I’ve never been a big fan of Neil Young — I’ll just say it, itâ€™s that pinched voice of his — but I will admit to liking several of his songs once they were covered by other artists whose voices I found slightly less irritating. I love the Pixiesâ€™ take on â€œIâ€™ve Been Waiting for You,â€ and I even find Duran Duranâ€™s version of â€œThe Needle and the Damage Doneâ€ preferable to the original. Let me guess: you just said something snarky about Duranâ€™s 1995 covers album, Thank You. Youâ€™re right, it sucks. Perhaps thatâ€™s why they left this off the album; it was too good to make the cut. (It appeared on one of the CD singles of their cover of Lou Reedâ€™s â€œPerfect Day.â€ Lou allegedly loved Duranâ€™s version of his song, for what itâ€™s worth.)
However, Nicolette Larsonâ€™s version of â€œLotta Love,â€ 30-some years after she recorded it, has forever changed the way I feel about Neil Young and his approach to songwriting.
The Web has not been very forthcoming when it comes to confirming this, but I recently stumbled upon an awesome quote associated to Neil Young about how songs should be treated like houses that anyone can live in. If only the songwriter can relate to a song, then how can anyone else enjoy the experience of listening to it? Songs are for everyone, and the more universal the theme, the more relatable, and homey, it is. Larson, the Jim Keltner of session singers in the â€˜70s and runner-up in the Crystal Gayle Hair-Off, allegedly found “Lotta Love” on a cassette while riding in Youngâ€™s car. He said, â€œYou want it?â€ He apparently didnâ€™t have much use for it, but Larson thought it would be perfect for her 1978 debut solo album, the succinctly titled Nicolette. She was right; the song climbed to #8 on the Top 40 and #1 on the AC chart. â€œLotta Love,â€ as sung by Larson, is one of the coziest houses youâ€™ll ever set foot in.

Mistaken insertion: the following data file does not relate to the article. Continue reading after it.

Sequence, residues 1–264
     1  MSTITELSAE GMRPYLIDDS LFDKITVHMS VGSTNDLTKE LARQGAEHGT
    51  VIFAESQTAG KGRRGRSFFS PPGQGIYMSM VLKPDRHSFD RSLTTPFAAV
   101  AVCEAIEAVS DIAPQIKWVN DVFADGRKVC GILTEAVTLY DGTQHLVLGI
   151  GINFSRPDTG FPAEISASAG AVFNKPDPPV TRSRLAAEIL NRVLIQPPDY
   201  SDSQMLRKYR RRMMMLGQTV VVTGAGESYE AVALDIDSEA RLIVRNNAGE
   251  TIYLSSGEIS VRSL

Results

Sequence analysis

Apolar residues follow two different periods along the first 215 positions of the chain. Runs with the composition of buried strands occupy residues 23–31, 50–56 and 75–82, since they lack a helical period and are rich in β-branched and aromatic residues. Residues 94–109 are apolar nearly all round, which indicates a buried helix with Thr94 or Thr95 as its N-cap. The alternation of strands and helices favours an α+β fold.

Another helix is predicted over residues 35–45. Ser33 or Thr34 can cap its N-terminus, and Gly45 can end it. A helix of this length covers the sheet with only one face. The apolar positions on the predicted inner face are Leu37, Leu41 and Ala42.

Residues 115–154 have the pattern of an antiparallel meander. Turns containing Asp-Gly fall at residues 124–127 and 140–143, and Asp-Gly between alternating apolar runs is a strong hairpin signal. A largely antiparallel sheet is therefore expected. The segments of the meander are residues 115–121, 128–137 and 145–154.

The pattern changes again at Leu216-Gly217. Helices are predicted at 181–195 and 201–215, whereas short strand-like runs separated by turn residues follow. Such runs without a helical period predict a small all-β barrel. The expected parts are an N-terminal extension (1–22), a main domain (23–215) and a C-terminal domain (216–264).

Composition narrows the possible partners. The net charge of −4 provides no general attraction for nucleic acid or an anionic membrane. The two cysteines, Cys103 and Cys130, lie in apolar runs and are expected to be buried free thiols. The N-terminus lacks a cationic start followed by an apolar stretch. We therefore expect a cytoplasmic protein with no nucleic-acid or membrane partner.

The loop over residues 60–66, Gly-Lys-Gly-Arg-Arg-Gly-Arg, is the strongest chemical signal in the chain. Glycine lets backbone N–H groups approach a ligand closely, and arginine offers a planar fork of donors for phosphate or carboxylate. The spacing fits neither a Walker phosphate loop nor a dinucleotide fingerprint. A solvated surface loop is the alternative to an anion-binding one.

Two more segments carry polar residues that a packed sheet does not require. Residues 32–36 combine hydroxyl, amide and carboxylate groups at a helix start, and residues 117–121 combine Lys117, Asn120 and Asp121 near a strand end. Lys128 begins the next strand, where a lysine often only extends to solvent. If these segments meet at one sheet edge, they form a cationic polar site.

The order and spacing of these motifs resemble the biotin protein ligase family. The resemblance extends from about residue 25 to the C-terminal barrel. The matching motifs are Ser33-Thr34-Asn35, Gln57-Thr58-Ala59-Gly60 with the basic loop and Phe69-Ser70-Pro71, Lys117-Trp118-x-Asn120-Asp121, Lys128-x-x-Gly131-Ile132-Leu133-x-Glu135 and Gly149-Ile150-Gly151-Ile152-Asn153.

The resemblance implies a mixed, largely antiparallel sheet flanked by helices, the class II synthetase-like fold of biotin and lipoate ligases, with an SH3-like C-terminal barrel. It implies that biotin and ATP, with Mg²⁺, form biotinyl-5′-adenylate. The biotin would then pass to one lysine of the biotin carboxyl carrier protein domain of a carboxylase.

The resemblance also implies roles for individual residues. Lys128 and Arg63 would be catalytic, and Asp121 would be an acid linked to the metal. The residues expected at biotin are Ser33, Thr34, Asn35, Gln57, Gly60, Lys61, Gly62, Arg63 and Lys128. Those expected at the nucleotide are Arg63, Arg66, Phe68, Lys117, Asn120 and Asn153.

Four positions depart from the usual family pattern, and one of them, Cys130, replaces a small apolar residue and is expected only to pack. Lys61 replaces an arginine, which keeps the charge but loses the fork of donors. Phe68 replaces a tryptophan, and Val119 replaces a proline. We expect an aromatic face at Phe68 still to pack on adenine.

And, true to 1978 form, Warners issued a disco mix of the track. The mix doesnâ€™t stray from the songâ€™s inherent awesomeness — indeed, itâ€™s a good blend of amped-up rhythm section and west-coast bliss — though it does open with a fleshed-out flute solo, baby! Letâ€™s see Felix da Housecat pull a stunt like that. Otherwise, the mix is pretty much identical to the album version. Some DJs must have been clamoring for a longer intro to mix the song in, and they got it. Along with some extra flautism.
Larson only cracked the Top 40 one more time (courtesy of a duet with Popdoseâ€™s Mellow Gold patron saint, Michael McDonald), though she continued to sing for other artists while carving out a decent career as a country artist. Tragically, we lost Larson in 1997 to cerebral edema — donâ€™t look it up if you donâ€™t know what it is; the less you know, the better youâ€™ll sleep — but her golden voice, combined with one of Neil Youngâ€™s more vulnerable songs, will live forever. Even if Young continues to warble for another 30 years, Iâ€™ll still smile (and occasionally wince) and think, â€œHey, thatâ€™s all right. He gave us ‘Lotta Love,’ so he gets a free pass.â€
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UPDATE: Per Francis’ request…
Duran Duran – The Needle and the Damage Done